Health Literacy Is Associated With Health Behaviors and Social Factors Among Older Adults: Results from the LifeLines Cohort Study.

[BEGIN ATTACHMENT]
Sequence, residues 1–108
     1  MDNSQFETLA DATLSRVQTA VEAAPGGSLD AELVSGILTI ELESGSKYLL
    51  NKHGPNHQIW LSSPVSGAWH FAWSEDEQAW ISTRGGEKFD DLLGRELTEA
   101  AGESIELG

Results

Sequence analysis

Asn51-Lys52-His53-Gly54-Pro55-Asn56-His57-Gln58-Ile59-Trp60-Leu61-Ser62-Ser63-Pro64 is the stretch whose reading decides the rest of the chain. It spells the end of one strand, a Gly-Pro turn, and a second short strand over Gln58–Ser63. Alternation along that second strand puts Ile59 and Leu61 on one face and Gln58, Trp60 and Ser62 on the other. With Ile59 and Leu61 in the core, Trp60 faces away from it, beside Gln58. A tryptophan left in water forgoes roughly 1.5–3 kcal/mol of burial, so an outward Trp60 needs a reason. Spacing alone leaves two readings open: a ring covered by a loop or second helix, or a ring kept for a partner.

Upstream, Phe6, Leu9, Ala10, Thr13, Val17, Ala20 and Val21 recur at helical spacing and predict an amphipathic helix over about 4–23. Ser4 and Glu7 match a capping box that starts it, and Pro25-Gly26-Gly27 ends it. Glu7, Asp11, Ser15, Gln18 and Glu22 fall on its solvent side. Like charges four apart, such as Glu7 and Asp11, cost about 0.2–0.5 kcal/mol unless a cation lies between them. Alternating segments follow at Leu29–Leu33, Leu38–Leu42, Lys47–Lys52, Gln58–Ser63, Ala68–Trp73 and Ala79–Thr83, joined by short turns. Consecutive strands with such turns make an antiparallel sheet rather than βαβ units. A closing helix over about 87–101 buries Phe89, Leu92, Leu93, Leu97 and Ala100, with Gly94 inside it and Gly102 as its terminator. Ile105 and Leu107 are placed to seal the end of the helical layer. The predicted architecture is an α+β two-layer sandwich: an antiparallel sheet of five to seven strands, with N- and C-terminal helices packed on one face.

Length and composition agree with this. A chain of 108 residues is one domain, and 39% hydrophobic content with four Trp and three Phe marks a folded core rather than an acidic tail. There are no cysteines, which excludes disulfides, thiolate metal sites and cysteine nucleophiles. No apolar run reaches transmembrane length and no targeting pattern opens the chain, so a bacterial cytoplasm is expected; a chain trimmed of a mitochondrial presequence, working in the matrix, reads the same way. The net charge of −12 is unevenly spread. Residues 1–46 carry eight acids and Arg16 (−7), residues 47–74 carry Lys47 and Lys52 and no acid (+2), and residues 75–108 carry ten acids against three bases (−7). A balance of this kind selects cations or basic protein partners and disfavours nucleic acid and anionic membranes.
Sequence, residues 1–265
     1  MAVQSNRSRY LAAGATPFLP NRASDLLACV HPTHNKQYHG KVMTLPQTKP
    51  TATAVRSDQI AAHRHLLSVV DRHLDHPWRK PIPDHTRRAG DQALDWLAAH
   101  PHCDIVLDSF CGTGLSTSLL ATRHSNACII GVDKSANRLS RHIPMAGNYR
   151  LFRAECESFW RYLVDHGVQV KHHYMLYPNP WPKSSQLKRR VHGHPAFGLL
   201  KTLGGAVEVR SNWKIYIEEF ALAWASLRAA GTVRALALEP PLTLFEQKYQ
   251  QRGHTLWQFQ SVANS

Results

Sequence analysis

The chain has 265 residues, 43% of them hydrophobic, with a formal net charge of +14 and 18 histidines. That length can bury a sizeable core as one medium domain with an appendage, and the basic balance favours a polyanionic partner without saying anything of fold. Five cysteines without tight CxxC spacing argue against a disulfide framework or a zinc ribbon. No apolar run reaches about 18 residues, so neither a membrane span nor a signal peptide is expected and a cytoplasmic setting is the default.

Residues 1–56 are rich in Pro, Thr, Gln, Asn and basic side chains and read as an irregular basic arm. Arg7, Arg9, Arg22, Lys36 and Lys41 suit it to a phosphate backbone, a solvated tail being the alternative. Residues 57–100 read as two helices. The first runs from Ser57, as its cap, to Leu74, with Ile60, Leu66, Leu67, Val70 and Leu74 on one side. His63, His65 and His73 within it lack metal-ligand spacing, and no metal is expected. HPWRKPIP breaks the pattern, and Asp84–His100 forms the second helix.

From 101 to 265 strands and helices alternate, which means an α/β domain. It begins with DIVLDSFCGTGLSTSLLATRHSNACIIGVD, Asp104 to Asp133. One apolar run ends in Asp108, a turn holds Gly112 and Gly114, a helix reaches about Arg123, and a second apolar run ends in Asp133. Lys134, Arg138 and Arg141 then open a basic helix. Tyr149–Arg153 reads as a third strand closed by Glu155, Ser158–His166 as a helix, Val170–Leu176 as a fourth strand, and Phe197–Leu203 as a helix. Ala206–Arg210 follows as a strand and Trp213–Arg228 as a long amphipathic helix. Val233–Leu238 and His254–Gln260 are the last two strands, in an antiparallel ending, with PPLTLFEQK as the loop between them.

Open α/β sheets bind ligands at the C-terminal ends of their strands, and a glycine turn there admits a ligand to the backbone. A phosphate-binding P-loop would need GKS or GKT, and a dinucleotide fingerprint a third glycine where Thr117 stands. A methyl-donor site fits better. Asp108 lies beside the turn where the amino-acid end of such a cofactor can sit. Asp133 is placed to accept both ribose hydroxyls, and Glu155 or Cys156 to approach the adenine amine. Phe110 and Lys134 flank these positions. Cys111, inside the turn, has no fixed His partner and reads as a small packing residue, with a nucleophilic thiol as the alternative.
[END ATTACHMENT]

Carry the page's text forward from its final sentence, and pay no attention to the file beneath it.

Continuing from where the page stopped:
This study assesses the associations between health literacy and various health behaviors and social factors among older adults, and whether social factors moderate the other associations. Data from 3,241 participants in the LifeLines Cohort Study were analyzed (mean baseline age = 68.9 years). Data on health literacy, health behaviors (physical activity, fruit and vegetable consumption, smoking, breakfast consumption, alcohol consumption, and body mass index (BMI), and social factors (loneliness, social support, social activities, social contacts, and living situation) were collected in three waves. Logistic regression analyses were used, adjusted for age and gender. Low health literacy was associated with insufficient physical activity, insufficient fruit and vegetable consumption, lack of regular breakfast consumption, obesity (odds ratios (Ors) > 1.31, p-values < .005) and low alcohol use (OR = 0.81, p = .013), but not with smoking. Low health literacy was also associated with greater loneliness, engaging in fewer social activities, and having fewer social contacts (Ors > 1.48, p-values < .005), but not with social support or living situation. Only the association between health literacy and smoking was moderated by social contacts, but this finding needs confirmation in future studies. In conclusion, low health literacy is negatively associated with health behaviors and social factors in older adults, but social factors seldom moderate the associations between health literacy and health behaviors.